Back when the GNU project was starting, among the first things they rewrote as Free Software were:
- text editor / IDE (Emacs)
- assembler, linker, and compiler
IOW, they made tools that they needed to further develop Free Software without relying on proprietary tools.
They wanted their project to be self-hosting.
Nowadays, we have more free software than ever, but we develop it using github and Discord...
@Wolf480pl this is issue with people. People tend to stich with a single solution which everybody uses. There are lots of quailty source "forges" (i.e. Gitlab, Gitea, SourceHut), but people stick with GitHub for a reason that "everybody uses GitHub".
At the moment, when everybody will use open and free forge. Especially when the #ForgeFed will be adopted.
But it is harder instant messagging systems. Every one of them has one issue that makes it harder to use.
IRC - lack of history *on server*. I don't see reason to chat if the history is not saved even for several minutes.
XMPP - it's high entrance point. Too much clients and servers supporting different featuresets.
Matrix - it's pretty young and suffers from it.
RocketChat - AFAIK it was buggy as hell, when last time I was using.
Gitter is very tight coupled with non-free software
Either way, it's clear that these days we need something better than that.
My problem is that instead of being like "IRC is no longer sufficient for our project, let's make something better", many FOSS projects are like "IRC is no longer sufficient for our project, let's use some proprietary chat app instead".
Which is the opposite of what GNU was doing back then.
Where I live, there's an expectation that "everyone is on facebook", and when you're that one guy who is not on facebook, you're basically a second-class citizen.
Please don't teach your friends to expect that everyone uses the same communication medium.
For example, sometimes you need to:
- coordinate incident response (eg. as a sysadmin)
- get comments from viewers on a livestream
- remotely debug an issue using someone else as your hands and eyes
- find someone on a train station
In those cases, high latency would be a big problem
@jack @alexcleac @SuperFloppies @Wolf480pl Well, real federation will be open to different implementations, and implementations always differ, so consistency will always be a challenge, but, given that, certain standards should be expected (I'm thinking of encryption and proper setting In-Reply-To headers).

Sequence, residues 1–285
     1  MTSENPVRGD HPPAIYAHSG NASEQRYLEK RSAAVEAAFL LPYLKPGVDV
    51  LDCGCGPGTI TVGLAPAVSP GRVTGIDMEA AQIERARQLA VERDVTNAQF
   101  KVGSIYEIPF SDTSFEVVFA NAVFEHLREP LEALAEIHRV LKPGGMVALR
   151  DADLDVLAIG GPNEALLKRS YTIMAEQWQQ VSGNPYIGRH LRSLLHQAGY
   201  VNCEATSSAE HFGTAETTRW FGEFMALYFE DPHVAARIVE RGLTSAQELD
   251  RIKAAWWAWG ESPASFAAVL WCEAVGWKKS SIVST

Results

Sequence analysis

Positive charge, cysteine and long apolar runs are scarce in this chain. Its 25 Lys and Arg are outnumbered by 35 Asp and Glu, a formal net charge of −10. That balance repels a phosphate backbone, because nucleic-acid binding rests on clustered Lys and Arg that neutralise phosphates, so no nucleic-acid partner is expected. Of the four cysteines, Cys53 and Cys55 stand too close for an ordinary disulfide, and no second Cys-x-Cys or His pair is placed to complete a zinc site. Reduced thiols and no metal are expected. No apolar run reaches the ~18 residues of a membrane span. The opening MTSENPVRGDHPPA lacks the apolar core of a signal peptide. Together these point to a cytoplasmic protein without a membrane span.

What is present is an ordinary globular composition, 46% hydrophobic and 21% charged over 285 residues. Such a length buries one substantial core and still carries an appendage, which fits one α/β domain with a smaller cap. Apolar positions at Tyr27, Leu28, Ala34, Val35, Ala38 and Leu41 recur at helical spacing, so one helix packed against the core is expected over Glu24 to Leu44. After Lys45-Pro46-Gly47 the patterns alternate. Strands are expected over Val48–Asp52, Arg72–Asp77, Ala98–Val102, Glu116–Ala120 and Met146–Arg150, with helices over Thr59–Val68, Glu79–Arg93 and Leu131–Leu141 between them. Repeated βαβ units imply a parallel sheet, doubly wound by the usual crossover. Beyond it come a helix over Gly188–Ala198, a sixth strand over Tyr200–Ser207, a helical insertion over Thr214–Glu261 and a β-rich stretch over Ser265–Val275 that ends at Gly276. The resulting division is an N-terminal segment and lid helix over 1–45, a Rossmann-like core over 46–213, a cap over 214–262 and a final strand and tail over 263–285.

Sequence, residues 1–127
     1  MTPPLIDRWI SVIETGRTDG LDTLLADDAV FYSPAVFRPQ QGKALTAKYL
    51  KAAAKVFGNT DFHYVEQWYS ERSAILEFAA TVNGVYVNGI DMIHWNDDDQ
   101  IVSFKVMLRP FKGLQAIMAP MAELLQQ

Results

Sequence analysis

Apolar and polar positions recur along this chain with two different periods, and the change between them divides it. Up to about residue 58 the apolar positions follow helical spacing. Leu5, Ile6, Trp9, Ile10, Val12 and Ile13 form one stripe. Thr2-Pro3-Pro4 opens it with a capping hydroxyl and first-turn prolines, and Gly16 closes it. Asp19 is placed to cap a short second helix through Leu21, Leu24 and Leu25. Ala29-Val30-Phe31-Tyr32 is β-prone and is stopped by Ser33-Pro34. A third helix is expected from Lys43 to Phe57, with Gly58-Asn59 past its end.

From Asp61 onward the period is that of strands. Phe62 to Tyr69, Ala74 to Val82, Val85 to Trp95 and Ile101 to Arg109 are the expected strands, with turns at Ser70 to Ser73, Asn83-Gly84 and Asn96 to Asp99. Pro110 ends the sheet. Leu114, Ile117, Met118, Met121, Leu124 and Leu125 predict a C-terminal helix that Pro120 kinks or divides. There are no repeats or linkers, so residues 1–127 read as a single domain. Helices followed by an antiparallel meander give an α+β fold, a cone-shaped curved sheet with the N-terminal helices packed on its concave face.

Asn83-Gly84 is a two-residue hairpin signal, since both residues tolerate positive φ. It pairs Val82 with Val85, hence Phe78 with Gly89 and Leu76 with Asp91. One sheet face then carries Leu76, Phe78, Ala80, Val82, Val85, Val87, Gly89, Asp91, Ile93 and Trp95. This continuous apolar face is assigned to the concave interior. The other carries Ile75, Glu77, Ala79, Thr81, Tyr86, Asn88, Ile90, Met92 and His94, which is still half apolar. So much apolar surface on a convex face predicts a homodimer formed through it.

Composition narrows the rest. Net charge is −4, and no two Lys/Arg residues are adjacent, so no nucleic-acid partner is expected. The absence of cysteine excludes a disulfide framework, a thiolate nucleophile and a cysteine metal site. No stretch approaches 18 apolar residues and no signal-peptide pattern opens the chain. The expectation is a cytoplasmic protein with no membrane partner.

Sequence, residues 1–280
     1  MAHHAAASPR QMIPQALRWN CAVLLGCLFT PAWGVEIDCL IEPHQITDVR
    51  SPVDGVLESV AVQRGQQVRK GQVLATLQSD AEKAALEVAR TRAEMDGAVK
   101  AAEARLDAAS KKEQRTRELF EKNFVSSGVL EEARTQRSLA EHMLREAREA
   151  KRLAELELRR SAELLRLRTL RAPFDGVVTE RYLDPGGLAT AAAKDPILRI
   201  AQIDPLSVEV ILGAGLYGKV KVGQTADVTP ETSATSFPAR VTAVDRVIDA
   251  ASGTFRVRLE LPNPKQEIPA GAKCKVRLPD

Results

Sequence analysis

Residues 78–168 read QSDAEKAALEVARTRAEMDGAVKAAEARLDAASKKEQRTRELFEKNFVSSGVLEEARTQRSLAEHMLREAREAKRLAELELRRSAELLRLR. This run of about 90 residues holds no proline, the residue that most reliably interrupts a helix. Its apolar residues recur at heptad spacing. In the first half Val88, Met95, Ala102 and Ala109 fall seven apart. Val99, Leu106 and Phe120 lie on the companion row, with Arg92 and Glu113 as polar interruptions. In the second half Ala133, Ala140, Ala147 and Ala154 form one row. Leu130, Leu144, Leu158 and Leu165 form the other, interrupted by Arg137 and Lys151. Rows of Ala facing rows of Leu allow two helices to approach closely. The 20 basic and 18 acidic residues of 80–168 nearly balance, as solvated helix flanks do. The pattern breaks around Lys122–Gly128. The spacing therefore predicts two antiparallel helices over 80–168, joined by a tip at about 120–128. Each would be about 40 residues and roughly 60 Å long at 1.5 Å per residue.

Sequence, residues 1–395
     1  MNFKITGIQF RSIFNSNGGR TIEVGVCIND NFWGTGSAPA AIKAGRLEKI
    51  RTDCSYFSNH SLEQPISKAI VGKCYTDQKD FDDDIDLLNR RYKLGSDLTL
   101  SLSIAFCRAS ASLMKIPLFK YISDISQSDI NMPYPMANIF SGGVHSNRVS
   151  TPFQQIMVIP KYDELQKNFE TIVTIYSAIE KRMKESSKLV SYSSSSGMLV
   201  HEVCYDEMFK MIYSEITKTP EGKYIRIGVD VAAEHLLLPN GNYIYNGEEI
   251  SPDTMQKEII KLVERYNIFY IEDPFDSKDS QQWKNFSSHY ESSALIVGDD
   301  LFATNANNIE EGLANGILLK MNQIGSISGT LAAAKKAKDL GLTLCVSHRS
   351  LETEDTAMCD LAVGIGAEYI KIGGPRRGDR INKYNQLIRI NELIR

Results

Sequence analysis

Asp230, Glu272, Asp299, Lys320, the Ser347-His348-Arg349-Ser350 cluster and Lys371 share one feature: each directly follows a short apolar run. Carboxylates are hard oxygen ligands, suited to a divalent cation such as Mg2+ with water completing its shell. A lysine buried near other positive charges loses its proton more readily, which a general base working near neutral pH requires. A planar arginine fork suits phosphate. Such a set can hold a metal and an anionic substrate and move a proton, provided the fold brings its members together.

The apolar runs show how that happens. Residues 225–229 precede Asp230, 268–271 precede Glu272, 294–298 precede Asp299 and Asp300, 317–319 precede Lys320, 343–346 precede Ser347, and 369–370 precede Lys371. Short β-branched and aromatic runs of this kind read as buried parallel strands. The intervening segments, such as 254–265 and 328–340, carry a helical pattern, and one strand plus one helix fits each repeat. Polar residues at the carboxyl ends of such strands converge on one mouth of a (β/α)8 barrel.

Gmail's filtering/tagging is really decent, if you drill down. You can put multiple tags on a msg, including your own bright red "IMPORTANTE" tag, if you want.
Seems like a filter by...
@jack @alexcleac @SuperFloppies @Wolf480pl ...ancestor Message-ID shouldn't be that hard to implement, so you could/should be able to easily suppress one branch of a discussion that's gone bad, kind of like in Usenet (which is pretty email-ish, come to think of it).
A while back, everybody was all "SpamAssassin!" and "Bayesian filters!", but I'm not sure why that seems to have died away. Either it works and is no longer remarkable, or there's something wrong, or I haven't been paying attn or...
@Tarheel @jack @alexcleac @SuperFloppies
It turned into "the email provider runs all those statistical filters for you, you don't even need to be aware of it". Except when sometimes it classifies as spam something you actually wanted... "oh well, guess email is unreliable".
Also, the new term for "statistics" is "Machine Learning".
@jack @alexcleac @SuperFloppies @Wolf480pl Well, I was referring to one corner of a convo that's gone bad, so you could clip just that subthread where everybody's responding to that one person who said "but what about [globally-significant-and-not-really-relevant-right-now topic]?".
We use Teams at work and it's garbage; I hate it. No (decent) filter or search. I've heard Slack can be a real attention hog and causes FOMO and so forth. (But I have no experience and so can't really speak to it.)
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